Q: Does Help For Families Canada conduct parent assessment for custody arrangements?
A: No. The mission of Help for Families Canada is to help families heal and reconnect. We do not engage in any services which could be used vengefully against another family member. We reserve the right to withdraw our services from clients who we discover are holding this hidden intention.
If you suspect the other parent is abusive or in any way “unfit” please contact Edmonton Child & Family Services (Southside) at 780-422-2001 or your local child protection services.
Q: What if my child doesn’t “click” with the therapist?
A: Relationships take time. Some children connect quickly with new people, others are slower to warm up. There are certain things you can do to facilitate the child-counsellor connection.
- Be honest with your therapist about your child’s resistance to go to therapy. I cannot solve a problem I don’t know about. Sometimes I can make a simple adjustment to my interactions to provide a child with more safety space resulting in more ease in relating.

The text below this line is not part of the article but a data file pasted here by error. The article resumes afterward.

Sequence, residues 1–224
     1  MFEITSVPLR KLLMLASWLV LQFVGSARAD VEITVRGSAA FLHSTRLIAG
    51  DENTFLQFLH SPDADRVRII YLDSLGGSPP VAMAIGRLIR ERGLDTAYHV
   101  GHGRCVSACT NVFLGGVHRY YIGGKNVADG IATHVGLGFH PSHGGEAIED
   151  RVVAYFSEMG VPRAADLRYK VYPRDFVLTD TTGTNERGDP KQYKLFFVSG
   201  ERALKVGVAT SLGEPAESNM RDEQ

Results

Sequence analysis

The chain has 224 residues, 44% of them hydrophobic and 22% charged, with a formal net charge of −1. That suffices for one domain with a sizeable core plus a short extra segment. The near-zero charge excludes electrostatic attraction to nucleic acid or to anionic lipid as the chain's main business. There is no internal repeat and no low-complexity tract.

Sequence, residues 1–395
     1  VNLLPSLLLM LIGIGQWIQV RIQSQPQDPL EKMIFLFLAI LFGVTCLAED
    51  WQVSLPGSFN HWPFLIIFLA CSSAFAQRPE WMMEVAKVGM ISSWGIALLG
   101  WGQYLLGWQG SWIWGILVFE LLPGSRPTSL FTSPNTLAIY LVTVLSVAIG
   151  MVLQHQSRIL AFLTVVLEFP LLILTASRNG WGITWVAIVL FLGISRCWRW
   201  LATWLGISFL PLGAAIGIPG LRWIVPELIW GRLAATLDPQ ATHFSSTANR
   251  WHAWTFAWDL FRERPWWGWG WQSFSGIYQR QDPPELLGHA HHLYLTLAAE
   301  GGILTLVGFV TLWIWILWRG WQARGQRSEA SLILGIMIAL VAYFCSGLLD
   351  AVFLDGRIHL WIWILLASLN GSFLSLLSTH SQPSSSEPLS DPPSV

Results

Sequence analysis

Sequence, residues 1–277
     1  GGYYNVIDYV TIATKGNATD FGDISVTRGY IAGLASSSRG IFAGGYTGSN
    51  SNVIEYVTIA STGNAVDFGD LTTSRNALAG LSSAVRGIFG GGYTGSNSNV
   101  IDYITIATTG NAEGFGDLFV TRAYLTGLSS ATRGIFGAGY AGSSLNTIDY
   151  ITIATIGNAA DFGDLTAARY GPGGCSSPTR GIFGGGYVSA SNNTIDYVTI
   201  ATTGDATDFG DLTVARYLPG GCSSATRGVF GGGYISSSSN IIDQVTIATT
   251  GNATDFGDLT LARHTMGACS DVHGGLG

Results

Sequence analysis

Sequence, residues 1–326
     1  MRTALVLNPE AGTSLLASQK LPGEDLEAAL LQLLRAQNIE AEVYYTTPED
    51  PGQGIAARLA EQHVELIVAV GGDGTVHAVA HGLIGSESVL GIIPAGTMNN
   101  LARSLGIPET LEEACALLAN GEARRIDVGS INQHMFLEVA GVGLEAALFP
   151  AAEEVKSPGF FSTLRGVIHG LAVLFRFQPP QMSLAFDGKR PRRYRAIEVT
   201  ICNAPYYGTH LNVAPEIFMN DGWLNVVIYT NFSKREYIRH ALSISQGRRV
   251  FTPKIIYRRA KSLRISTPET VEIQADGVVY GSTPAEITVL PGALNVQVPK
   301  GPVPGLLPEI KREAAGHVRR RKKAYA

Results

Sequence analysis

- Guide your child to focus on the positive experiences in coming to counselling. Sometimes kids like playing some activities more than others. You may say … “You really enjoyed playing with that monkey puppet in the last session, maybe you can ask to play with it again”. If your child has more feelings of enjoyment they usually warm up.
- Be a reassuring presence initially, if needed. In some cases, having you as parent playing in the room with them provides a base from which our relationship can develop.
- Understand and be sensitive to the highs and lows in the growth process. Parents may try to be aware that therapy may become challenging at times and children will project their discomfort with the healing process towards the perceived source (i.e., me) Patience and compassion are the best solutions.
- Finally, after 5-6 sessions, if your child remains closed to working with me then we would have a (no-cost) conversation about finding a therapist who is a better fit, or consider delaying intervention until they are more open.